Sutton Trust COVID-19 and the University Experience Report: a Response

In the light of the findings from the recently published The Sutton Trust COVID-19 and the University Experience report, we reached out to our friends over at CHEERs (The Community for Higher Education Educators Researchers and Supports) for comment regarding the Careers education. We also hear from steering group member, Chris Webb with his initial thoughts on the report.


The Sutton Trust COVID-19 and the University Experience Report

We at CHEERs (The Community for Higher Education Educators Researchers and Supporters) are extremely concerned about this report and believe it highlights why effective careers guidance is more important than ever. School leaders know they have to prioritise learning, but I want to take this chance to call on all senior leaders to make Careers a key part of their planning. We must ensure that students of all ages have access to the right guidance and information. We must provide support and reassurance to ease the worries of those students who will shortly be transitioning to university life. As part of how our network can help, we are happy to offer bespoke, aspiration-raising information and guidance sessions for schools. They can directly address concerns raised in the report through targeted support with study skills needed to thrive at university while also giving information about the pastoral, social and financial options available to students. We are here to help reassure them there is a world of opportunity awaiting them beyond the current situation and that they, as the future of our economy, are critical to the country’s regeneration.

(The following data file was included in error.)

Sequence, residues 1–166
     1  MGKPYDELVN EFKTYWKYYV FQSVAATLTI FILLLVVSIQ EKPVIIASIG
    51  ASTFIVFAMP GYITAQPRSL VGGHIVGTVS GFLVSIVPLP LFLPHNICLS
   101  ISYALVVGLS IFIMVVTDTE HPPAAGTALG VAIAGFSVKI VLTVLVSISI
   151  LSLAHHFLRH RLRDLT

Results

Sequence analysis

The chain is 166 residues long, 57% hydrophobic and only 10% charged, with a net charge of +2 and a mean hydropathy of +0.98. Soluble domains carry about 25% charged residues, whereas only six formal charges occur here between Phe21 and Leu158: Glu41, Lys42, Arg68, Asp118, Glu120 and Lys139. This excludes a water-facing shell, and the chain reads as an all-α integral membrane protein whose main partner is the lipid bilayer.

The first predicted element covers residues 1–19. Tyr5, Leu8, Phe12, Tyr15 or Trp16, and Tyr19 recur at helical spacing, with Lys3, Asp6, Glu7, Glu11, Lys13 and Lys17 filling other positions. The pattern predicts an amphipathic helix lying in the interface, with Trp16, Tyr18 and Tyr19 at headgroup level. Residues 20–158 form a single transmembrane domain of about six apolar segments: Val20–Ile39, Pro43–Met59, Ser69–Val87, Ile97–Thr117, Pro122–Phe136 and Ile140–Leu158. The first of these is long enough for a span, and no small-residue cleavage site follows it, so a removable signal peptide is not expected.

Jon Datta – CHEERs Committee Member

The recommendations in this report are important and speak to the needs of many on-course students. It is note-worthy that some universities have had huge successes in engaging students with bespoke initiatives specifically designed to meet the needs of students from underrepresented backgrounds. King’s College London’s Civic Leadership Academy recently won the Guardian’s Employability and Entrepreneurship award for its innovative approach. By placing students into paid internships with local charities this program has offered an opportunity for paid employment and the development of non-academic life skills during the pandemic. Universities should seek to create paid opportunities for students from underrepresented backgrounds to develop transferable skills.

This report defines ‘working class’ based on parental occupation, specifically those students with parents in C2DE professions. Working class identity is more complicated than this one factor and it would therefore be interesting to see a range of factors taken into consideration to fully understand how covid has affected the student experience. Research on the experiences of commuter vs on campus students, estranged students, young carers, first generation students, those eligible for free-school meals at school, and so on would give a more detailed picture. The report points to the fact that some students will have benefitted from the increased accessibility of online learning suggesting that evidence on the experiences of students from a variety of priority groups would be beneficial. Parental occupation is one indicator of class, but it is by no means the only factor that should be considered.

Claudia Breakwell – CHEERs Committee Member

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